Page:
Census Data Verifies DC’s Pull For Twenty and Thirty-Somethings

by Shilpi Paul


New York City and San Francisco have traditionally been the cities that come to mind when people think of places where young adults flock in their post-college years. However, new census data reveals that DC is increasingly becoming a destination for this group.

The city and its surrounding suburbs gained about 7,000 new residents between the ages of 25 and 34 in each of the past three years, The Washington Post reported today. The influx of youngsters was the sixth highest among the metropolitan areas that were analyzed. (See full chart here.)

The new data follows an earlier census reveal that this youngish demographic not only makes up almost one-third of the city’s 600,000 residents, but was also largely responsible for DC’s growth in the past decade. The young people are also sticking around. In the past, the city has served as a temporary landing pad for ambitious go-getters before they bought homes in more affordable areas. Now, with a depressed job market in much of the country, this group has less incentive to leave stable DC.

From The Post:

The new order reflects the Washington region’s relatively resilient economy as other parts of the country floundered, racking up job losses and foreclosures after the recession began in late 2007. But some demographers also cited Washington’s emerging reputation as a cool place for young adults to live.

“It’s the economy and hipness,” said William Frey, a demographer with the Brookings Institution, who analyzed the census data comparing the 2005 to 2007 period with 2008 to 2010. “Young people are going to places that have a certain vibe. If there’s a recession, they want to ride it out in a place like that.”

The trend evidenced by the Census data may not come as a surprise to UrbanTurf readers. While we may not be as cool as Portland, Ore. (a city that media outlets have fallen in love with in recent years), 14th Street and the H Street Corridor and many neighborhoods in between are filled with young professionals that appear to be staying put…no matter how high the rent may be.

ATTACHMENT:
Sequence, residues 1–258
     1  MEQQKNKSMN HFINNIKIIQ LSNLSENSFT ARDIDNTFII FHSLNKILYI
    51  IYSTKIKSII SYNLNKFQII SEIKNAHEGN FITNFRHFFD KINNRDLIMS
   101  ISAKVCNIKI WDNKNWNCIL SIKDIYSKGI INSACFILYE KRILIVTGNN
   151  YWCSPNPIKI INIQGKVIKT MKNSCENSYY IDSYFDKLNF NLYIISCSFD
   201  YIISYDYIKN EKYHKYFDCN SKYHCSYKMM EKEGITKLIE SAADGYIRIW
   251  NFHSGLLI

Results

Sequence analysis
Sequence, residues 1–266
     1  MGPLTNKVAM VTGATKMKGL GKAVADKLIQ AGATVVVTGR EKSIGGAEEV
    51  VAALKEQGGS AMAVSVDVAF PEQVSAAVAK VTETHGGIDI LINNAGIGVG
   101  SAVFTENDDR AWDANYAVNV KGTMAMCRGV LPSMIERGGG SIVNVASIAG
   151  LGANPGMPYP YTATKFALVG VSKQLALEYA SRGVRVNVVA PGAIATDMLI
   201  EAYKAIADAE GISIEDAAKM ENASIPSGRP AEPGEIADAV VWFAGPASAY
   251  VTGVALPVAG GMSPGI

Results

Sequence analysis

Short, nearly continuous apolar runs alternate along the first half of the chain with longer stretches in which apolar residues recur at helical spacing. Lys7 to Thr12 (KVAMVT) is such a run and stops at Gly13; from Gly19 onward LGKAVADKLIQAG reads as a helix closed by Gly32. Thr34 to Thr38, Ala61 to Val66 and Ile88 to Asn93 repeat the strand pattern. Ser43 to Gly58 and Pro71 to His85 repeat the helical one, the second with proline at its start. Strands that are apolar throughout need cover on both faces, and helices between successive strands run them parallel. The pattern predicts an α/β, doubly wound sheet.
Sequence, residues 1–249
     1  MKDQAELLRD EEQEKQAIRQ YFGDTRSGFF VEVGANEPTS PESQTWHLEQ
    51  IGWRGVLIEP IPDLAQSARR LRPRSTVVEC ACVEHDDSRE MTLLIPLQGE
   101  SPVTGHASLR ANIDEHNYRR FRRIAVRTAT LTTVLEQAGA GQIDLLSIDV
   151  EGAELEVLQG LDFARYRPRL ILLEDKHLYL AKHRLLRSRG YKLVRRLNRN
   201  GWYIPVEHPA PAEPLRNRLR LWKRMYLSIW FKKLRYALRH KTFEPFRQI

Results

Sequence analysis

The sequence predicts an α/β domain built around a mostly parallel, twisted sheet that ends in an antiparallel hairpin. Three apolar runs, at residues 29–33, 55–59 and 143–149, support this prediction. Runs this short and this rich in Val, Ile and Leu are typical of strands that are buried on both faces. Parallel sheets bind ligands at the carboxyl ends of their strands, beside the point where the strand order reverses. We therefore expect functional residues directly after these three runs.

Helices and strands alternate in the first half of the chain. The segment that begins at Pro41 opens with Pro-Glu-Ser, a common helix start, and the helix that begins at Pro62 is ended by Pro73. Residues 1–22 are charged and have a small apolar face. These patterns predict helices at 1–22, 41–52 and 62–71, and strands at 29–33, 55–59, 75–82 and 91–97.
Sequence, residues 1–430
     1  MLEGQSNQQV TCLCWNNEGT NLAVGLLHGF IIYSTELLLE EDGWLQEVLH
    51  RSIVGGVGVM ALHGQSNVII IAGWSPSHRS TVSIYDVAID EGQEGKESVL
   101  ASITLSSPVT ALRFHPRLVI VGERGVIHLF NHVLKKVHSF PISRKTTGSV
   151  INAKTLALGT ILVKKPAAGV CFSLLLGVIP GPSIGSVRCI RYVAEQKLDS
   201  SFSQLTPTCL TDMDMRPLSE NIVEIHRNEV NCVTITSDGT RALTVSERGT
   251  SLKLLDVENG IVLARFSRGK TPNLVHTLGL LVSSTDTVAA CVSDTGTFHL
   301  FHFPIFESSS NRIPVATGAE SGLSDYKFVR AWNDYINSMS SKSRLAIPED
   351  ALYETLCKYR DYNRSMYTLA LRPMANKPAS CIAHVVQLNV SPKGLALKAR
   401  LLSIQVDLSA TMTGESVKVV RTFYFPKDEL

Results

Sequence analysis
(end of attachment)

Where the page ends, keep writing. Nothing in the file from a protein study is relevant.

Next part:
See other articles related to: young adults, u.s. census

This article originally published at http://dc.urbanturf.com/articles/blog/dc_is_officially_cool_new_census_data_verifies_citys_draw/4457

1 Comment

  1. Steve Israel said at 3:14 pm on Monday October 31, 2011:

    With this current influx of young people come great opportunities for those that are planning to stay put in DC for awhile. The chance to buy a place in a reasonable market in downtown DC or the close-in Burbs has never been better. Interest rates are at historic lows, prices have been pushed down (even in some of the hot areas) and there are many more fun downtown condo options than have ever existed in the past.

    But navigating the condo market can be tricky and very frustrating. The FHA has a whole new raft of restrictions on condo financing. There are beautifully built buildings right next to places where it is questionable as to whether the contractor was even licensed, much less had a permit to renovate a building. Condo fees and what they include, parking, transportation access and the re-sale or rental potential of properties are all incredibly important parts of the process. There is a new website up at http://www.buyDCcondos.com that is a terrific resource for downtown buyers.

    In every case, home buyers should have the very best representation available. Check into an Exclusive Buyer’s Agent to have the opportunity to work with an agent who isn’t pushing their own Company’s listings, but instead is duty bound to help find the best properties, protect the interests of the buyer only and to negotiate the best prices and terms. See http://www.buyersagent.com

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